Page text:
// The contents of this file are in the public domain. See LICENSE_FOR_EXAMPLE_PROGRAMS.txt
/*
This is an example illustrating the use of the deep learning tools from the
dlib C++ Library.  In it, we will show how to use the loss_metric layer to do
metric learning.

The main reason you might want to use this kind of algorithm is because you
would like to use a k-nearest neighbor classifier or similar algorithm, but
you don't know a good way to calculate the distance between two things.  A
popular example would be face recognition.  There are a whole lot of papers
that train some kind of deep metric learning algorithm that embeds face
images in some vector space where images of the same person are close to each
other and images of different people are far apart.  Then in that vector
space it's very easy to do face recognition with some kind of k-nearest
neighbor classifier.

To keep this example as simple as possible we won't do face recognition.
Instead, we will create a very simple network and use it to learn a mapping
from 8D vectors to 2D vectors such that vectors with the same class labels
are near each other.  If you want to see a more complex example that learns
the kind of network you would use for something like face recognition read
the dnn_metric_learning_on_images_ex.cpp example.

You should also have read the examples that introduce the dlib DNN API before
continuing.  These are dnn_introduction_ex.cpp and dnn_introduction2_ex.cpp.
*/

#include <dlib/dnn.h>
#include <iostream>

using namespace std;
using namespace dlib;

int main() try
{
// The API for doing metric learning is very similar to the API for
// multi-class classification.  In fact, the inputs are the same, a bunch of
// labeled objects.  So here we create our dataset.  We make up some simple
// vectors and label them with the integers 1,2,3,4.  The specific values of
// the integer labels don't matter.
std::vector<matrix<double,0,1>> samples;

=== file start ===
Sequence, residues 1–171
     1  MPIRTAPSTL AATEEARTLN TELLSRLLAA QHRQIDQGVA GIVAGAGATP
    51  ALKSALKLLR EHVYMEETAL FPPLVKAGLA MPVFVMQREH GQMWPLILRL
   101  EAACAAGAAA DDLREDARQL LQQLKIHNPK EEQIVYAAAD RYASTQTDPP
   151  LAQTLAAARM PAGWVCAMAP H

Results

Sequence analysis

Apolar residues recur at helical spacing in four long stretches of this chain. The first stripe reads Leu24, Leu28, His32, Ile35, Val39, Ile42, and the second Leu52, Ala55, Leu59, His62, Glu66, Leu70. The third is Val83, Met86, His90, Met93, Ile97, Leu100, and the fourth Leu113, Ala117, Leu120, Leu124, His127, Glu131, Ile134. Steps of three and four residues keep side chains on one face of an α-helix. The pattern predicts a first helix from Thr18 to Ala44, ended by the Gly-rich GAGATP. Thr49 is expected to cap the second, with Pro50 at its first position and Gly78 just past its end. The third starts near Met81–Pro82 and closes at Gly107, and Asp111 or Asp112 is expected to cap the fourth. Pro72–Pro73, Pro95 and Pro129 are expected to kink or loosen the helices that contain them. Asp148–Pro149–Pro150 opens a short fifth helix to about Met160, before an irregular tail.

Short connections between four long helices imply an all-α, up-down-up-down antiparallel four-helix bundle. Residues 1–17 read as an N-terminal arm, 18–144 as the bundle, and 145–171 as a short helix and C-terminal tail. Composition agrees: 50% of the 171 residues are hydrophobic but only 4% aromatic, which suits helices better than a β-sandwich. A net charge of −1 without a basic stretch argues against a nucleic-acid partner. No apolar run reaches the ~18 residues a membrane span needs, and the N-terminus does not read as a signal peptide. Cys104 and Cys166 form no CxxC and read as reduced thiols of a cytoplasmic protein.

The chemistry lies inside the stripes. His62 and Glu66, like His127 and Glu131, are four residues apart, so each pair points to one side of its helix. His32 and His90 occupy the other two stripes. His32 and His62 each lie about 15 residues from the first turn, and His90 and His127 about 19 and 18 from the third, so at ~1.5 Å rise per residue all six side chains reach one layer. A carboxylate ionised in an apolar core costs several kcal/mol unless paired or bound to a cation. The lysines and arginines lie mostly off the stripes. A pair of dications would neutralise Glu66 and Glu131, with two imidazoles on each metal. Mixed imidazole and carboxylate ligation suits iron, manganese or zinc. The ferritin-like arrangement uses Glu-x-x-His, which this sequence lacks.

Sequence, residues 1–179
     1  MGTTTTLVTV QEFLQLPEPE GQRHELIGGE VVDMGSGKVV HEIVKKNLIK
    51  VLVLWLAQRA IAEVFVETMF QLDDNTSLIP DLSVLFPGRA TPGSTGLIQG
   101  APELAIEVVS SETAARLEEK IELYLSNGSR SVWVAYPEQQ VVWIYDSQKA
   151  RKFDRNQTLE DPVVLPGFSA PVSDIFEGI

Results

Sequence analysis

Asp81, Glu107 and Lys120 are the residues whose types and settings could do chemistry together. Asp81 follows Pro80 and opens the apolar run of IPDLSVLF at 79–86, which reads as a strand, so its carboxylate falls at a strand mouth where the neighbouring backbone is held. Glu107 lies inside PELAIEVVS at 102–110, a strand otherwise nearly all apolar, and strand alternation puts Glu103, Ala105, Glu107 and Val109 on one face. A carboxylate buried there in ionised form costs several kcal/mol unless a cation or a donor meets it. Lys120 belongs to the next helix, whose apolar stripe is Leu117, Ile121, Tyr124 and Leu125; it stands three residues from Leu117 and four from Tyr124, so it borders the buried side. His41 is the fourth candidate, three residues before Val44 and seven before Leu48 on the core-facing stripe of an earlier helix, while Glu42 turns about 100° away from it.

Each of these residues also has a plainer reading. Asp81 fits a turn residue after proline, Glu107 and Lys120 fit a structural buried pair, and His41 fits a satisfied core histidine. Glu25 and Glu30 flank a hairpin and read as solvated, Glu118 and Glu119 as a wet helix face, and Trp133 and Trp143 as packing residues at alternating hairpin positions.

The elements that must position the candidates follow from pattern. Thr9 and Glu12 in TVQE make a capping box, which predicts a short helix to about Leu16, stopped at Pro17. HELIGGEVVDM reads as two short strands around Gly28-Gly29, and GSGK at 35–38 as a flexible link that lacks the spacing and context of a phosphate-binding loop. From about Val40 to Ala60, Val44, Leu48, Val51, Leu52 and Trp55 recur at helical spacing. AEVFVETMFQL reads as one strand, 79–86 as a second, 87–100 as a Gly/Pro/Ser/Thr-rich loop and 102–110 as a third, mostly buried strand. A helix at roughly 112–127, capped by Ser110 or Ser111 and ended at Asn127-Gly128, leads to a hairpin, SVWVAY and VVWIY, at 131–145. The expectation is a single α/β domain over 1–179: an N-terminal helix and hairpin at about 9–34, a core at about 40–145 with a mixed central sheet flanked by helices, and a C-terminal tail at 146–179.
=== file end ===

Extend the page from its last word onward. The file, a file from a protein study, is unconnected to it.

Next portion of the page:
std::vector<unsigned long> labels;

// class 1 training vectors
samples.push_back({1,0,0,0,0,0,0,0}); labels.push_back(1);
samples.push_back({0,1,0,0,0,0,0,0}); labels.push_back(1);

// class 2 training vectors
samples.push_back({0,0,1,0,0,0,0,0}); labels.push_back(2);
samples.push_back({0,0,0,1,0,0,0,0}); labels.push_back(2);

// class 3 training vectors
samples.push_back({0,0,0,0,1,0,0,0}); labels.push_back(3);
samples.push_back({0,0,0,0,0,1,0,0}); labels.push_back(3);

// class 4 training vectors
samples.push_back({0,0,0,0,0,0,1,0}); labels.push_back(4);
samples.push_back({0,0,0,0,0,0,0,1}); labels.push_back(4);

// Make a network that simply learns a linear mapping from 8D vectors to 2D
// vectors.
using net_type = loss_metric<fc<2,input<matrix<double,0,1>>>>;
net_type net;
dnn_trainer<net_type> trainer(net);
trainer.set_learning_rate(0.1);

// It should be emphasized out that it's really important that each mini-batch contain
// multiple instances of each class of object.  This is because the metric learning
// algorithm needs to consider pairs of objects that should be close as well as pairs
// of objects that should be far apart during each training step.  Here we just keep
// training on the same small batch so this constraint is trivially satisfied.
while(trainer.get_learning_rate() >= 1e-4)
trainer.train_one_step(samples, labels);

// Wait for training threads to stop
trainer.get_net();
cout << "done training" << endl;

// Run all the samples through the network to get their 2D vector embeddings.
std::vector<matrix<float,0,1>> embedded = net(samples);

// Print the embedding for each sample to the screen.  If you look at the
// outputs carefully you should notice that they are grouped together in 2D
// space according to their label.
for (size_t i = 0; i < embedded.size(); ++i)
cout << "label: " << labels[i] << "\t" << trans(embedded[i]);

// Now, check if the embedding puts things with the same labels near each other and
// things with different labels far apart.
int num_right = 0;
int num_wrong = 0;
for (size_t i = 0; i < embedded.size(); ++i)
{
for (size_t j = i+1; j < embedded.size(); ++j)
{
if (labels[i] == labels[j])
{
// The loss_metric layer will cause things with the same label to be less
// than net.loss_details().get_distance_threshold() distance from each
// other.  So we can use that distance value as our testing threshold for
// "being near to each other".
if (length(embedded[i]-embedded[j]) < net.loss_details().get_distance_threshold())
++num_right;
else
++num_wrong;
}
else
{
if (length(embedded[i]-embedded[j]) >= net.loss_details().get_distance_threshold())
++num_right;
else
++num_wrong;
}
}
}

cout << "num_right: "<< num_right << endl;
cout << "num_wrong: "<< num_wrong << endl;
}
catch(std::exception& e)
{
cout << e.what() << endl;
}